PEcAn could not find a required variable within the downloaded file. Most likely this is due to that variable not being measured at this site. The most common cause of failure is the absence of atmospheric pressure data (PRESS), but since most models have a low sensitivity to this variable we are working on methods to estimate this from other sources.

## 5.2 Choosing initial vegetation

On the Input Selection webpage, in addition to selecting PFTs, start & end dates, and meteorology, many models also require some way of specifying the initial conditions for the vegetation, which may range from setting the aboveground biomass and LAI up to detailed inventory-like data on species composition and stand structure.

At the moment, PEcAn has two cases for initial conditions and they only exist as required Inputs for the ED2 model:

If files already exist in the database, they can simply be selected from the menu. For ED2, there are 3 different veg files (site, pss, css) and it is important that you select a complete set, not mix and match.

If files don’t exist they can be uploaded following the instructions on How to insert new Input data.

Two additional options are in development:

• Model spin-up
• Automated workflows

### 5.2.1 Spin up

A number of ecosystem models are typically initialized by spinning up to steady state. At the moment PEcAn doesn’t handle spin up automatically (e.g. looping met, checking for stability), but there are various ways to achieve a spin-up within the system.

Option 1: If there are model-specific settings in a model’s settings/config file, then that file can be accessed by clicking on the Edit model config check box. If this box is selected then PEcAn will pause the site run workflow after it has generated your model config file, but before it runs the model, and give you an opportunity to edit the file by hand, allowing you to change any model-specific spin up settings (e.g met recycling, spin up length)

Option 2: Set start_year very early and set the met drivers to be a long time series (e.g. PalEON, something custom uploaded to Inputs)

Option 3: In the MODEL_TYPE table, add your model’s restart format as an optional input, modify the model specific write.config function to use that restart, and then load a previous spin-up to the Inputs table

Beyond these options, we hope to eventually develop more general, model-agnostic tools for spin up. In particular, we have started to explore the accelerated spin-up and semi-analytical techniques being developed by Yiqi Luo’s lab

### 5.2.2 Veg workflow

As with meteorology, PEcAn is working to develop a model-agnostic workflow for converting various sources of vegetation data to common standards, developing common processing tools, and then writing out to model-specific formats. This process is in a much early stage than the meteorology workflow, as we are still researching what the options are for standard formats, but ultimately aims to be much more broad in scope, considering not just plot inventory data but also historical documentation, paleoecological proxies, satellite remote sensing (e.g. LANDSAT), airborne hyperspectral imagery, and active remote sensing (Lidar, Radar).

At the moment, what is functional is a model-specific workflow for the ED2 model that can query the USFS Forest Inventory and Analysis and then construct initial condition files for ED2. This tool works with an internal copy of the FIA that is uploaded to a postGRES database along side BETY, however for space reasons this database does not ship with the PEcAn VM. To turn this feature on:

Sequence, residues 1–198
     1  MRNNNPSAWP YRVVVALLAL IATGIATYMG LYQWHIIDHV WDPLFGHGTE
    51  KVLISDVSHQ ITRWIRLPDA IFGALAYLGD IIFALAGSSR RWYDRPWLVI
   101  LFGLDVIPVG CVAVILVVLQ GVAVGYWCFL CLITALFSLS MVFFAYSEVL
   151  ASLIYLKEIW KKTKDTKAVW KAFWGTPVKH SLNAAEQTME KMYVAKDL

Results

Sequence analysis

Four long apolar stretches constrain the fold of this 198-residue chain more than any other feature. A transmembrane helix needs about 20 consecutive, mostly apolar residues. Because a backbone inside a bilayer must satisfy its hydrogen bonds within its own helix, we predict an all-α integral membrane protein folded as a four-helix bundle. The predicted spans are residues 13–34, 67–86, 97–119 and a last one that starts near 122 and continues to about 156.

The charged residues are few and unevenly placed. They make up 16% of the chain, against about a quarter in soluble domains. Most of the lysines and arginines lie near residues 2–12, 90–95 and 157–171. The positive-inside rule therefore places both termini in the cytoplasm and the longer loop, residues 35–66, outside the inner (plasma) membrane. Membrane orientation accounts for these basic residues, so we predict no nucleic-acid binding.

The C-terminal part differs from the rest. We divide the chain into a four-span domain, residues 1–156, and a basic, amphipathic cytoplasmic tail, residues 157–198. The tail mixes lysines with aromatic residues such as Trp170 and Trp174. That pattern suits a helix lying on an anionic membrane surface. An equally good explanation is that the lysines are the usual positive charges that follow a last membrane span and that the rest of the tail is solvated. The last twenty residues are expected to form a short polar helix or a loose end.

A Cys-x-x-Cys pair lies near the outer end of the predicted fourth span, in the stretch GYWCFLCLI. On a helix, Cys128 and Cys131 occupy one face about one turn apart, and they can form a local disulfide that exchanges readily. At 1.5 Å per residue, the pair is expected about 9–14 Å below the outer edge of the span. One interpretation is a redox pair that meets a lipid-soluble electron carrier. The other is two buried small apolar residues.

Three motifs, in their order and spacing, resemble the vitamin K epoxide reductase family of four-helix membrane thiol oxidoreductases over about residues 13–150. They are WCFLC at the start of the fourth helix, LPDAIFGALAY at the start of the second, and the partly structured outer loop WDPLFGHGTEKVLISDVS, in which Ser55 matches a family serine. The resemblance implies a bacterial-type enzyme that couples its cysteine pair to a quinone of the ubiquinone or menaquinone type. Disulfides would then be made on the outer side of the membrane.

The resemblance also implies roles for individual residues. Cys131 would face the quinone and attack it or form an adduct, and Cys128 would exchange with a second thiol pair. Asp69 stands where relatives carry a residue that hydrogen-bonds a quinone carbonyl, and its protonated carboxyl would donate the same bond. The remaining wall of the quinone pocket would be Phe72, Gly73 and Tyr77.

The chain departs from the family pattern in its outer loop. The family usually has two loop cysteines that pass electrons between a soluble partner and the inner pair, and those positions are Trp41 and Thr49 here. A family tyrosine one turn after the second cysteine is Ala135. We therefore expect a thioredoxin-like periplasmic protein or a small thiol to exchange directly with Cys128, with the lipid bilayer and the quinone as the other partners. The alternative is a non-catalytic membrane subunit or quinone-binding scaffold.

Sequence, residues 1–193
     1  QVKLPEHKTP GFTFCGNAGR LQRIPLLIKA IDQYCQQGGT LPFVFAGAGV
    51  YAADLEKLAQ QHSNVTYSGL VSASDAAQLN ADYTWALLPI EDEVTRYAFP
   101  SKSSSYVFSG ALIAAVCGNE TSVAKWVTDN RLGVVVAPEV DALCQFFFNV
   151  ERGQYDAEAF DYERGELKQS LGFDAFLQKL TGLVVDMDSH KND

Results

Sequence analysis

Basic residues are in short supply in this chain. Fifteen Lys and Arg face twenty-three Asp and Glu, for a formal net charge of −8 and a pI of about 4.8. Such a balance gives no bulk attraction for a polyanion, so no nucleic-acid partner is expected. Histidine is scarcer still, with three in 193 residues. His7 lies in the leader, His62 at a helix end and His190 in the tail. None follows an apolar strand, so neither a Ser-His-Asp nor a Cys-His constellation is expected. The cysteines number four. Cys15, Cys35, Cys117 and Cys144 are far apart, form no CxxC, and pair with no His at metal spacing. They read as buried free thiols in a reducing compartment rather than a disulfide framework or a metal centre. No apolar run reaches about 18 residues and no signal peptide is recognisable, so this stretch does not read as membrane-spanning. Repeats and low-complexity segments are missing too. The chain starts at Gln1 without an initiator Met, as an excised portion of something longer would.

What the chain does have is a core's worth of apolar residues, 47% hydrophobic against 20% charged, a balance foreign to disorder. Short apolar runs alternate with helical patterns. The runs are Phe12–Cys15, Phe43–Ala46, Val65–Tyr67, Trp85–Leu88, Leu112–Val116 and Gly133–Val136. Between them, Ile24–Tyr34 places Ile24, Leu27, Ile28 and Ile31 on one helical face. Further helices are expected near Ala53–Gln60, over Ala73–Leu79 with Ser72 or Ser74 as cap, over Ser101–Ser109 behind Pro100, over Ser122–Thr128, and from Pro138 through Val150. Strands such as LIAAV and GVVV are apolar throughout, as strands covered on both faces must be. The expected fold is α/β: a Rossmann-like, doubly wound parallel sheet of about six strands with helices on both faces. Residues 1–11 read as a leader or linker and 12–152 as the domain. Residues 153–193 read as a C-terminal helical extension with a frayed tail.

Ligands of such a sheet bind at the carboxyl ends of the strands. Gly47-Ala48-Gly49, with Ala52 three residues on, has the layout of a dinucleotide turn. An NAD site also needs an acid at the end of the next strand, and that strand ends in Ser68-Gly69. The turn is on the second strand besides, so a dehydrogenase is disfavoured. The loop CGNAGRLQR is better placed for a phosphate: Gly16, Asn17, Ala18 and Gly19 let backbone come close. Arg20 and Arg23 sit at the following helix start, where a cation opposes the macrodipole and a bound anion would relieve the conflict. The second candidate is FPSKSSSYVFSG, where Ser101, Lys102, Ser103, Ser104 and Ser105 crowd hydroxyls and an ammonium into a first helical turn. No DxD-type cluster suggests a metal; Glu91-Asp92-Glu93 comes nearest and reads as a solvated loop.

2. For web-base runs, specify the database settings in the config.php
3. For R-based runs, specify the database settings in the pecan.xml

More detailed information on how PEcAn processes inputs can be found on our Input Conversion page.

## 5.3 Selecting a soils product

Many models have requirements for soils information, which may include: site-specific soil texture and depth information; soil biogeochemical initial conditions (e.g. soil carbon and nitrogen pools); soil moisture initial conditions; and soil thermal initial conditions.

As with [Choosing initial vegetation], we eventually hope to develop data standards, soils workflows, and spin-up tools, but at the moment model requirements need to be met by inserting Input data into the database or using files that have already been uploaded.

### 5.3.1 Soil texture, depth, and physical parameters

A PEcAn-standard netCDF file format exists for soil texture, depth, and physical parameters, using PEcAn standard names that are largely a direct extention of the CF standard. A table of standard names and units can be listed using PEcAn.data.land::soil.units() with no arguements.

var unit
soil_depth m
soil_cec meq/100g
volume_fraction_of_clay_in_soil m3 m-3
volume_fraction_of_sand_in_soil m3 m-3
volume_fraction_of_silt_in_soil m3 m-3
volume_fraction_of_gravel_in_soil m3 m-3
volume_fraction_of_water_in_soil_at_saturation m3 m-3
volume_fraction_of_water_in_soil_at_field_capacity m3 m-3
volume_fraction_of_condensed_water_in_dry_soil m3 m-3
volume_fraction_of_condensed_water_in_soil_at_wilting_point m3 m-3
soilC percent
soil_ph 1
soil_bulk_density kg m-3
soil_type string
soil_hydraulic_b 1
soil_water_potential_at_saturation m
soil_hydraulic_conductivity_at_saturation m s-1
thcond0 W m-1 K-1
thcond1 W m-1 K-1
thcond2 1
thcond3 1
soil_thermal_conductivity W m-1 K-1
soil_thermal_conductivity_at_saturation W m-1 K-1
soil_thermal_capacity J kg-1 K-1
soil_albedo 1

More detailed information on how PEcAn processes inputs can be found on our Input Conversion page.

## 5.4 Other model inputs

Finally, any other model-specific inputs (e.g. N deposition, land use history, etc), should be met by inserting Input data into the database or using files that have already been uploaded.